The area of special teams looks to be set, and even though the Illini will be starting 2011 with a new punter, due to the graduation of Anthony Santella, all appears to be safe at that spot as well. Derek Dimke will handle the placekicking duties, where he excelled last season. Dimke has been consistent since he arrived at Illinois, and this year appears to be no different. The punting situation was cloudy at best when training camp began, but cleared up significantly during Camp Rantoul when senior Matt Eller left the team when it was apparent that he would not be the starter come opening day. That nod will go to an incoming freshman, Justin Duvernois, who won the job outright. That led to Eller's decision to leave, and will also mean that Dimke could serve as a backup to Duvernois should something happen. Handling the punt return duties will be either Hawthorne or Ramsey, while Darius Millines and Troy Pollard will be returning kickoffs. Now, this personnel could very well change as the days leading up to the first game get closer.

Speaking of the first game, the Illini will welcome the Red Wolves of Arkansas State to Memorial Stadium to officially kickoff the 2011 season this coming Saturday (2:30 pm, BTN). The Red Wolves are coached by Hugh Freeze and finished the 2010 season with a 4-8 record. The Red Wolves are led by their quarterback Ryan Aplin, who completed 61.5% of his passes a year ago, and threw for nearly 3000 yards and 21 touchdowns. Arkansas State plays in the Sun Belt Conference, and have not played the Illini since the 2002 season. The Illini hold a 2-0 edge in the series, both games being played in Champaign.

It's been quite a lengthy off-season, but it is finally game week! Let the speculation begin in earnest. It's time to settle this on the field!

Thursday, August 18, 2011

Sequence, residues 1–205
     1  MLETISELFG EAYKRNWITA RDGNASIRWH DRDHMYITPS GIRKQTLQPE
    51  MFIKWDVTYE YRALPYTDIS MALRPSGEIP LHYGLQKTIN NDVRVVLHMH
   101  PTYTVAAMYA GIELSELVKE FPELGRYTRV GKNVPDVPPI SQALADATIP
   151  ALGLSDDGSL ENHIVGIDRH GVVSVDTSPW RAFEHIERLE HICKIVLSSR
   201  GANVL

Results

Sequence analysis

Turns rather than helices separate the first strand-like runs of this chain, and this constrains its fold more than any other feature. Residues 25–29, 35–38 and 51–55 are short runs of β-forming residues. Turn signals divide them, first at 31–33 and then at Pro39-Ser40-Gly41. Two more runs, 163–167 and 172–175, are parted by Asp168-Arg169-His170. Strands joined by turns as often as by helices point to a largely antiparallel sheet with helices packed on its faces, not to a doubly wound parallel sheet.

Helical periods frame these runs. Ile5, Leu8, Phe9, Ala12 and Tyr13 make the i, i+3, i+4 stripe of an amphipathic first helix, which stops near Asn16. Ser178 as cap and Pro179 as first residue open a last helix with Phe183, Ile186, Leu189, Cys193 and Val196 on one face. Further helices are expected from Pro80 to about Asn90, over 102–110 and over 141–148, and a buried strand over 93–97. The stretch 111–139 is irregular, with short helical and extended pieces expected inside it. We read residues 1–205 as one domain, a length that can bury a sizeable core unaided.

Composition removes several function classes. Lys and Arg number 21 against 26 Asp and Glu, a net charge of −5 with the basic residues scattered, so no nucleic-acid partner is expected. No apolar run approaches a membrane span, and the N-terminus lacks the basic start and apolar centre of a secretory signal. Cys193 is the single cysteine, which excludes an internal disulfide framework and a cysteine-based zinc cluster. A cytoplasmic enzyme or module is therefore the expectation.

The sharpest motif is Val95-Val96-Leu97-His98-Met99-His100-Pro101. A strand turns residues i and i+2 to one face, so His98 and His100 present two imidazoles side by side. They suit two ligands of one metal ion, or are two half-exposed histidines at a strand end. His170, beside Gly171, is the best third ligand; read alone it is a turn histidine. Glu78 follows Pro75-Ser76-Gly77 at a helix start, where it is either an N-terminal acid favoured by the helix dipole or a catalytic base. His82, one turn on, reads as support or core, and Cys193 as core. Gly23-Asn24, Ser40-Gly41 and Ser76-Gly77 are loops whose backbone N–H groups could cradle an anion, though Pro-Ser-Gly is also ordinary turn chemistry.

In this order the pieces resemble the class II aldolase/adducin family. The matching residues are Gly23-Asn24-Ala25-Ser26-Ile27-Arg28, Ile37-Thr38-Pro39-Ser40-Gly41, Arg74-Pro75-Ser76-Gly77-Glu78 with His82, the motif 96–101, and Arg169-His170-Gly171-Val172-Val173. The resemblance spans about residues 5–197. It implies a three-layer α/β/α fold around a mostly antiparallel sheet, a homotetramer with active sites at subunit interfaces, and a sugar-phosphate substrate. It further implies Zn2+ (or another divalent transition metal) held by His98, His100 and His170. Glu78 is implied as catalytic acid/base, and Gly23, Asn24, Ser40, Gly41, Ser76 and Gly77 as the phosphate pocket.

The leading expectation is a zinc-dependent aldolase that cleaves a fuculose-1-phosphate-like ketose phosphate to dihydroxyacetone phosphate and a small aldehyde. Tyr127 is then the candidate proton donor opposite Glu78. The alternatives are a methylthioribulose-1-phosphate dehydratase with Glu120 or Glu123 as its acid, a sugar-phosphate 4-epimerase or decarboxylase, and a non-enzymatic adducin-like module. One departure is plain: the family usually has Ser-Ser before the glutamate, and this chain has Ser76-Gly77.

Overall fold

The Fighting Illini football team has begun their annual training camp sessions, otherwise known as Camp Rantoul, on the former Chanute Air Force Base in Rantoul. If you are looking at the team for maybe the first time this season, you will undoubtedly notice some differences from last year's team, but at the same time, much of the 2010 squad returns intact. Here now is the first part of a three part preview on training camp, as well as a position-by-position look at the 2011 Fighting Illini.

If there is one thing that is abundantly clear from the start, this year's Illini team should have no problem scoring points, although their workhorse tailback of last season, Mikel Leshoure, opted to turn pro and forego his senior season. Quarterback Nathan Scheelhaase returns to lead the offense, and after throwing for nearly 2000 yards and running for almost 1000 more as a redshirt freshman last season, is poised to put up even better numbers this time around. While Scheelhaase has the signal calling locked up for the time being, he is being challenged in camp by freshman Reilly O'Toole, who has been having a good first two weeks and taking the majority of the backup snaps. But that doesn't mean that O'Toole will supplant the second string quarterback job from Miles Osei, who has a year of experience under his belt. At this time, there is no sense of burning O'Toole's redshirt just to get him on the field for a few plays. Would the unfortunate circumstance occur of Scheelhaase getting hurt, then you might look to getting O'Toole on the field.